AFTER the tumultuous week he’d had, Kurtley Beale really didn’t need Leigh Halfpenny’s stoppage-time penalty goal to clinch a series win for the British and Irish Lions in the second Test.
“I was praying a little bit there. I just knew deep down, obviously I was in the position last week,” he said. “It’s a massive kick and there’s a lot of things going through your head.”
In an almost mirror finish to the first Test, when Beale missed a 46-metre penalty attempt that would have won the match for Australia as the siren sounded, Halfpenny’s effort from the halfway line faded, allowing the Wallabies to escape with a 16-15 win and send the series to a decider in Sydney.
“It’s a big ask, but he’s been striking the ball all series very well,” Beale said. “We’re just very lucky in the end.”
Beale had been quickly consoled by team-mates in Brisbane, only his second match of any consequence in 2013 after a season derailed by injuries, suspension and counselling for alcohol-related issues. A few nights later he was out with Wallabies team-mate James O’Connor and a photograph of the pair with a Lions fan in a fast-food outlet at 4am was published in the British media, sparking questions about their professionalism and maturity.
While the Australian Rugby Union said the players weren’t drinking and didn’t break any rules, the late finish was frowned upon in such an important week.
It could have been the final straw for Wallabies coach Robbie Deans, who had quietly ushered the young utility player back into his squad despite his lack of match practice, no doubt hoping his show of faith would be rewarded with some of the indescribable qualities that the likes of Beale can bring to a team.
Part of his quality is an ability to perform despite the kind of distractions that would derail so many elite athletes. “I haven’t really thought about it much,” Beale said of his own missed kick in Brisbane. “I just sort of obviously had to keep moving on. I had to keep upbeat and keep my body language ‘up’ and I felt I did that. Obviously it did affect me a little bit, but in life you’ve got to go forward and it’s the same like in rugby. You’ve got to bounce back and we got a great opportunity last night.”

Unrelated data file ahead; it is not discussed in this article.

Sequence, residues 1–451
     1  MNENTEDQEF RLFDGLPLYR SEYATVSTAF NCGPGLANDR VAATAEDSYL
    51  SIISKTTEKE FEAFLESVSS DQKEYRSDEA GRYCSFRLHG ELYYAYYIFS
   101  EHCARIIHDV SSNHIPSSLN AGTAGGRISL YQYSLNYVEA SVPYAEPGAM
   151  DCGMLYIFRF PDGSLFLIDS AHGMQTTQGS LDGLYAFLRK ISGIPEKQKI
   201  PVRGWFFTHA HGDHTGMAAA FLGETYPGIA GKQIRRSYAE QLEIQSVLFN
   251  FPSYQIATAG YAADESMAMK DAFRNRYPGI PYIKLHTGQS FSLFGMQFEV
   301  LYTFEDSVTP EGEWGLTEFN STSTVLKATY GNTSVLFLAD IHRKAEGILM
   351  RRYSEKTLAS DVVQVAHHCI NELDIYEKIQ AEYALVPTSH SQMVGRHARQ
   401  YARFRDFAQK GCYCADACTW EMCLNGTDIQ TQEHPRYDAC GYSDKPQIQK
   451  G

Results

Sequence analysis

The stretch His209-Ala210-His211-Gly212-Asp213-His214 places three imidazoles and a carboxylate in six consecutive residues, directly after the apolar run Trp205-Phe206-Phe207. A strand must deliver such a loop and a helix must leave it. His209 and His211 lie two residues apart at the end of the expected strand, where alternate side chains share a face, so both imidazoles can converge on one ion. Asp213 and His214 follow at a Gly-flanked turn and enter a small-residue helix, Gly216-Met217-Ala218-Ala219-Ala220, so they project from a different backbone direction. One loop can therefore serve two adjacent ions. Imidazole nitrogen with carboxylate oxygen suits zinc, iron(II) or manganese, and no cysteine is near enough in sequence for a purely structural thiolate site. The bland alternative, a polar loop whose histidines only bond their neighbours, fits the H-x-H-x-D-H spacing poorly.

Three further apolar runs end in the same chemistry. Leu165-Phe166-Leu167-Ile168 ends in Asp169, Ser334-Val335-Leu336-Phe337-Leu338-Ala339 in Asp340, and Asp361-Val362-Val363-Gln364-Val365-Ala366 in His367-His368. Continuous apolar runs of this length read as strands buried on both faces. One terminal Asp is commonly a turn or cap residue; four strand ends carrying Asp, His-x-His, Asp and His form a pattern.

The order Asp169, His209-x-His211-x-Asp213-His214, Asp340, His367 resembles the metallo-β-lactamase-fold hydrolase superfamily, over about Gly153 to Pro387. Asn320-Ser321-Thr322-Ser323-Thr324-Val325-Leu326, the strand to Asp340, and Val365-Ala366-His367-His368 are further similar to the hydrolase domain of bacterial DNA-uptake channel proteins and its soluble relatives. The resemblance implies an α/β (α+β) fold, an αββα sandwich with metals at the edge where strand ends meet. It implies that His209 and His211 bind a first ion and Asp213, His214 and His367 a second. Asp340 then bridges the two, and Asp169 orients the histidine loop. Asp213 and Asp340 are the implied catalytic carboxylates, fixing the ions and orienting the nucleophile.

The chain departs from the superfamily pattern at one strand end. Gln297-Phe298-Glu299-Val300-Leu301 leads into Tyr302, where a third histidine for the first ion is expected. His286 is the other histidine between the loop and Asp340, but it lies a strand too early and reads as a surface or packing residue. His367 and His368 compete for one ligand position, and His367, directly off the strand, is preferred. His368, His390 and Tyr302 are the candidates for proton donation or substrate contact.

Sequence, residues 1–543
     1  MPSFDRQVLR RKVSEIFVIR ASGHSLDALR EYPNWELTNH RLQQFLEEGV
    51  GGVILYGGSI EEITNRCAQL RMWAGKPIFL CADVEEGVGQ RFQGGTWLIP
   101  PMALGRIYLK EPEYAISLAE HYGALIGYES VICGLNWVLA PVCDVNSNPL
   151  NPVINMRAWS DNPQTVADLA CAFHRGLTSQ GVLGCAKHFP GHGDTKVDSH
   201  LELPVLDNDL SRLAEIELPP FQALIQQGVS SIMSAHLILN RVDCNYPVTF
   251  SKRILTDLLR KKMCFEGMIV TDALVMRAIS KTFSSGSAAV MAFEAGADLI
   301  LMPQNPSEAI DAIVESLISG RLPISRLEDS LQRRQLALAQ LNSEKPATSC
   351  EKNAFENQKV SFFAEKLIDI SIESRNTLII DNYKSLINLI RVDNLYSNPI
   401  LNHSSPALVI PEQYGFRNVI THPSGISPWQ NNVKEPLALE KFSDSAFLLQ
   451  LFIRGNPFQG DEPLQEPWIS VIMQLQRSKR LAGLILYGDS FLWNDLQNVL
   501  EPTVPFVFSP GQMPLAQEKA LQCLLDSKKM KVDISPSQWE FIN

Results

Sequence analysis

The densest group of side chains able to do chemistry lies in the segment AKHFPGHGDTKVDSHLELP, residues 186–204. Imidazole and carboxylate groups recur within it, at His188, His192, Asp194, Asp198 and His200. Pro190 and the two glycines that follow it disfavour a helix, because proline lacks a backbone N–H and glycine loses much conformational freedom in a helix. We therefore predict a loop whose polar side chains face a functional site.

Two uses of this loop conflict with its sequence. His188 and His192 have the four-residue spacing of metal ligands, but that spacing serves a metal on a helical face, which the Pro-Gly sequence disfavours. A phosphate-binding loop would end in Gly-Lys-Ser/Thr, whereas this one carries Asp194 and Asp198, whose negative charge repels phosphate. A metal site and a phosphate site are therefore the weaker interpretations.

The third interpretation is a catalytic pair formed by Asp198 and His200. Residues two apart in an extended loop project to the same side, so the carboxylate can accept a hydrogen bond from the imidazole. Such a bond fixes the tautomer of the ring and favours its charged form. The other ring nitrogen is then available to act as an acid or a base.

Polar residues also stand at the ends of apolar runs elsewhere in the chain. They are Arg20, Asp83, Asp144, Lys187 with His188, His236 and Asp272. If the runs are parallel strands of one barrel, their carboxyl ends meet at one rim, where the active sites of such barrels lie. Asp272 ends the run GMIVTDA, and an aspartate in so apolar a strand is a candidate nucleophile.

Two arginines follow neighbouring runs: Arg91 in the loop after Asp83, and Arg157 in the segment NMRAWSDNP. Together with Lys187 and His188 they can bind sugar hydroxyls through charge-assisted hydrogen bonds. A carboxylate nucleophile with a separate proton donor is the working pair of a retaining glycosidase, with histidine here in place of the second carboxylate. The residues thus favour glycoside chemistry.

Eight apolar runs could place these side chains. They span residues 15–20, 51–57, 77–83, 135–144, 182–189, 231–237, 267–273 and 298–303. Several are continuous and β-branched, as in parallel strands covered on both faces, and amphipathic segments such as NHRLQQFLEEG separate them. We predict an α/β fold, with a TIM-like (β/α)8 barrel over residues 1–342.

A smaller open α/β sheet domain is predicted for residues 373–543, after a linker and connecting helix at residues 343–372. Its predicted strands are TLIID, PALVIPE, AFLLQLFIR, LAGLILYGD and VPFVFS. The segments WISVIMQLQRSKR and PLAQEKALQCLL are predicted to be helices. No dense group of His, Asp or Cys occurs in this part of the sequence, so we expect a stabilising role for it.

Deans said it was fitting “that we’ve got a finale in Sydney because I think it would have been pretty harsh for either side to be out of the series at this point.”
At yesterday’s news conference, a laid-back looking Beale kept it simple when he explained how he was feeling. “I’m a very lucky man, to be back as part of this special group,” he said. “To be a part of it is amazing. I’m very grateful. Now it’s up to me to be actually doing my role within the team and trying to help out wherever I can. Obviously it’s a big game next week.”
Deans injected, completely unprompted, to add a character reference for his sometimes wayward star. “The group is lucky to have Kurtley as well. As much as he’s lucky to be here, we’re lucky to have him,” said Deans, who has put his Wallabies coaching career on the line with his selections for this series. “He’s a quality bloke in the group who has some unique capabilities.”
Of Beale’s well documented off-field issues, which came to a head when he was sent home from a tour of South Africa after getting into a fight with Melbourne Rebels team-mates, Deans said he was “absolutely” impressed with Beale’s resilience.
“Everyone’s got different things going on their life, but Kurtley’s has been very public,” Deans said. “So to stand up to that sort of scrutiny, and also to perform on a very public stage, is a good effort.”